The well known (and excellent) spot metering apart, even in non-spot mode, the OM-4 center weighted metering is a stellar performer. Nikon did not match it until the advent of 3D matrix metering - and some even argue it still couldn't match the OM metering system. Personally, because the standard metering is already very good, I find that I don't use the spot metering very often at all. But sure, when you have wildly varying contrasts in a scene, the spot metering is God sent.

    The biggest downside of the OM system, of late, is that due to the 4/3 crowd and adapters, prime Zuiko glass has risen in price considerably. Luckily, I bought my kit(s) long time ago..

  8. #48
    Trasselblad's Avatar
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    for all models of the OM2SP, OM4 and OM4T/i when not being used turn the shutter speed dial to B this disconnects the battery circuit and prevents battery drain
    From what I have heard, this method doesn't work. Perhaps John Hermanson can tell if it holds true or not?

    At any rate, battery problem on the 4T(i) is a non-issue, because they all have a different circuit to the plain 4 of old. My OM-3 does use its batteries a bit quicker than my 4Ti, but not to the extent that it bothers me. Plus on the 3, the batteries only drive the metering anyhow. And who needs metering at all times anyhow?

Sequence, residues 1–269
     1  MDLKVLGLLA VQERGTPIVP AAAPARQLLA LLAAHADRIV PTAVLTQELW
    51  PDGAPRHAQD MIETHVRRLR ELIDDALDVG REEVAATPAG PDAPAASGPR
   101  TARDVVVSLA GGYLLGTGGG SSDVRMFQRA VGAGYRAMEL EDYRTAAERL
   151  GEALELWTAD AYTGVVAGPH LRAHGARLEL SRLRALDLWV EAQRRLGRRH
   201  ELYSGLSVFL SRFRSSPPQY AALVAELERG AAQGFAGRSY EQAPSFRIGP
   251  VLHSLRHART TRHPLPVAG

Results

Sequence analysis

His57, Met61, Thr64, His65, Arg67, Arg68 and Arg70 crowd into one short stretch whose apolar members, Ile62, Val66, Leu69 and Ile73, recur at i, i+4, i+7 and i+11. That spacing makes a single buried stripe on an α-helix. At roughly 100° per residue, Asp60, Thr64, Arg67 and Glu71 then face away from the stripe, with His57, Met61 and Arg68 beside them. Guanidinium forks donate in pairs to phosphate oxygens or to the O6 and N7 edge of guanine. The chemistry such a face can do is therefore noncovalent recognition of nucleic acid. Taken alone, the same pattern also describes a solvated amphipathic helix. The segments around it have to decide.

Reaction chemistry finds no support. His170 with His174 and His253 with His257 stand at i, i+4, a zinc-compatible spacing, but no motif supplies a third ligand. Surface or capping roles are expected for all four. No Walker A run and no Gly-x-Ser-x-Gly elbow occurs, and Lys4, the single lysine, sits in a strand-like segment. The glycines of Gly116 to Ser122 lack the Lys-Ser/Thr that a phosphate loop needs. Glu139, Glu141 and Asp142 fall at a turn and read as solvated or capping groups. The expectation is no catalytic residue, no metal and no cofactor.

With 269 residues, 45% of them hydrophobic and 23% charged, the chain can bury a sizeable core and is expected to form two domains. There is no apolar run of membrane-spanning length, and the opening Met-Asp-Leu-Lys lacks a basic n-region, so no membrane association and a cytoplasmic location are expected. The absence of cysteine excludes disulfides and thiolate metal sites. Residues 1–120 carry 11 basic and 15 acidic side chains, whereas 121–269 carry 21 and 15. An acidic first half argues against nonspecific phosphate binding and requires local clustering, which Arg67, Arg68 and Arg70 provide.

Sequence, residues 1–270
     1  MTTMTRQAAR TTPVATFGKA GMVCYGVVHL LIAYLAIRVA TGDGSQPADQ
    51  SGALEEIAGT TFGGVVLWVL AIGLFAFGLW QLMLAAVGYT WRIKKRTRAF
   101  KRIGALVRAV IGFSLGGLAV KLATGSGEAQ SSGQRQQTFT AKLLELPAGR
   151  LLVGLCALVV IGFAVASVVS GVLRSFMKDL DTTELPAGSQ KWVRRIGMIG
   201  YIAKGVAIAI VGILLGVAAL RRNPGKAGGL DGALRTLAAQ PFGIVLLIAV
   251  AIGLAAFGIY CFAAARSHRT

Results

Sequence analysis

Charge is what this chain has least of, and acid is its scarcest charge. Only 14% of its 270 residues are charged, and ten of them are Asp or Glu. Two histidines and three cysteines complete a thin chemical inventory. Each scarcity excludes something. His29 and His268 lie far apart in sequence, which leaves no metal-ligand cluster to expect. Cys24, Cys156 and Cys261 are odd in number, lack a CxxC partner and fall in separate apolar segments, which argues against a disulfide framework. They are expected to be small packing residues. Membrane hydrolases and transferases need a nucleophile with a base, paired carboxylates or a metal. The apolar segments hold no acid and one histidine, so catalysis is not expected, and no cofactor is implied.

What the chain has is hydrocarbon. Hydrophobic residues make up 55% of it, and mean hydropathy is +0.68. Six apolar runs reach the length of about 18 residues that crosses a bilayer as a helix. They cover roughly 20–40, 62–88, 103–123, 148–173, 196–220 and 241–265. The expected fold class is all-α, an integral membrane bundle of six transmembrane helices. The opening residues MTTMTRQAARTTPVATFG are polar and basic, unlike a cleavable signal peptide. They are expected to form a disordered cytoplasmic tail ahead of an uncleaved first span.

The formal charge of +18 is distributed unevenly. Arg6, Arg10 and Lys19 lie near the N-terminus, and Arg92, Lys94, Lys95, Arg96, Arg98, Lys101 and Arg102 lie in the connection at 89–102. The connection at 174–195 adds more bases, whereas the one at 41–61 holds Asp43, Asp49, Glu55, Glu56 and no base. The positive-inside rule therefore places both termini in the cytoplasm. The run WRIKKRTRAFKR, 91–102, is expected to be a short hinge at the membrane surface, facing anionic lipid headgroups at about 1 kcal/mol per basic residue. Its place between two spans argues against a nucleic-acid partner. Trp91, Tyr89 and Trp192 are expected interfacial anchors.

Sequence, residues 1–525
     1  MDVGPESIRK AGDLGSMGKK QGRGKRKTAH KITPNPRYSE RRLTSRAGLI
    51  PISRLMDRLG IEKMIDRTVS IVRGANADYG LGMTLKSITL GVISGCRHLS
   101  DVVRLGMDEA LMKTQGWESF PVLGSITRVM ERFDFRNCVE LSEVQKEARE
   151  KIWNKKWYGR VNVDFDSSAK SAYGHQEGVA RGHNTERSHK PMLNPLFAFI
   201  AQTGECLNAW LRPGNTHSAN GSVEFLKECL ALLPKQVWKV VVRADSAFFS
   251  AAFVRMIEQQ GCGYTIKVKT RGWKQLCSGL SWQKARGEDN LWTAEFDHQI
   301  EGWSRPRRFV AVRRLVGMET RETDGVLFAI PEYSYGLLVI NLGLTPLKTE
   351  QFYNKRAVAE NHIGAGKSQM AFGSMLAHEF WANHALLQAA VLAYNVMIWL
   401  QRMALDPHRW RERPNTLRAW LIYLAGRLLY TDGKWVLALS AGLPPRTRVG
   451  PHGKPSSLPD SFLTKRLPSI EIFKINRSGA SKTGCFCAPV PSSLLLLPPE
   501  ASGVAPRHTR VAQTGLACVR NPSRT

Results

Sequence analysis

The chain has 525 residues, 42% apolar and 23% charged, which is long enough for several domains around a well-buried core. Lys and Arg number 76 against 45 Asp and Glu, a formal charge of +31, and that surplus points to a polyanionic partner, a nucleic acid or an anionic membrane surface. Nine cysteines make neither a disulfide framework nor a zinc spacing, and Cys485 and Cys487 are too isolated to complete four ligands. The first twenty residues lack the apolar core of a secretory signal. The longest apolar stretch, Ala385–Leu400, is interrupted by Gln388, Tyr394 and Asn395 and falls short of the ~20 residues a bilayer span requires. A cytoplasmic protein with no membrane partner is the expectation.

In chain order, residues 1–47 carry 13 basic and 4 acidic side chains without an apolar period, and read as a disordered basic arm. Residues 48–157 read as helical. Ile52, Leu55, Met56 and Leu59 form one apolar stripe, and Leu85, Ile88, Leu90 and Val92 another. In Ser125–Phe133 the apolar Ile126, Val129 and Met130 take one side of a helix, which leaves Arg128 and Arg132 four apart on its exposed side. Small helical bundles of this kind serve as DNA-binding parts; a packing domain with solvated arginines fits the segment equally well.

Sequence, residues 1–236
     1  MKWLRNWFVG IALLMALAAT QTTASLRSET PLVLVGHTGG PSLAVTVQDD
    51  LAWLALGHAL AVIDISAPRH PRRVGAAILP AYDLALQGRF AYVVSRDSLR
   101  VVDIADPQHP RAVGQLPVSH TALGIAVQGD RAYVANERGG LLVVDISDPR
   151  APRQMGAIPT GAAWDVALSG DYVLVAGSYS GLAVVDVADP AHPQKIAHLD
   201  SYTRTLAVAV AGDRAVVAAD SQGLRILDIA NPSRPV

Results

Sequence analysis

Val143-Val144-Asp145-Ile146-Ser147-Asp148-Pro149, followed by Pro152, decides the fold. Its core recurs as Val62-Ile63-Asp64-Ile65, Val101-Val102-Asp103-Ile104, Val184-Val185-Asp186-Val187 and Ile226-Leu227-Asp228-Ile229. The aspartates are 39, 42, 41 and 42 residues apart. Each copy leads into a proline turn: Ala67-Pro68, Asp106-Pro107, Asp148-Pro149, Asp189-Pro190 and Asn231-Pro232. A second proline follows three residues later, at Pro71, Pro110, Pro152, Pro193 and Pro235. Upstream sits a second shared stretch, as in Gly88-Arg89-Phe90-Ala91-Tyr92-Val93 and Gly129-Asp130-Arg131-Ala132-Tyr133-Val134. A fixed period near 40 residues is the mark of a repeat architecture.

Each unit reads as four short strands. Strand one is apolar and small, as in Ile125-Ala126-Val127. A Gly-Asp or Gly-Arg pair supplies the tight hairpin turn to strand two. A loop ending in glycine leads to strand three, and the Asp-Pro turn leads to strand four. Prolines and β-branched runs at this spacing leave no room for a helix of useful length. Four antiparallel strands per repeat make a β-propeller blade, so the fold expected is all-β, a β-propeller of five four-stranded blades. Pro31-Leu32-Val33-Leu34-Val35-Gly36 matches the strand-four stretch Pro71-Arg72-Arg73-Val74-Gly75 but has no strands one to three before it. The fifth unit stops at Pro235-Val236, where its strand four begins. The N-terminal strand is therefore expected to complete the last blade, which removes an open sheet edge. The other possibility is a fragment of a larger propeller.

9. #49
    RH Designs's Avatar
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    The OM-1, 2 and 2SP are built at least as well as the 3 and 4. It's the double-digit OMs such as the OM-10 and OM-40 which are the consumer-grade bodies. That said my OM-2SP is the only one which ever gave me any trouble, the ISO dial is intermittent.

    Switching to "B" does not disconnect the batteries - I've tested that on an OM-4 and OM-2SP, the current draw on "B" is the same as other speeds. I have an early OM-4 and don't find the battery consumption a problem. It's a small price to pay for having the camera instantly ready to take a shot at any time without having to bother about switching it on.
    Regards,
    Richard.

    RH Designs - My Photography

  10. #50
    Ken N's Avatar
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    I find the battery drain issue a bit interesting. Battery life in the cameras largely remain the same regardless of how much you use the camera. Might as well shoot.

    The ruggedness of the OMs have been just fine for me. They aren't wimpy. At this point, since most of use d.....l for most of our shooting, the wear and tear on the film bodies is nil.
    http://www.zone-10.com

    When you turn your camera on, does it return the favor?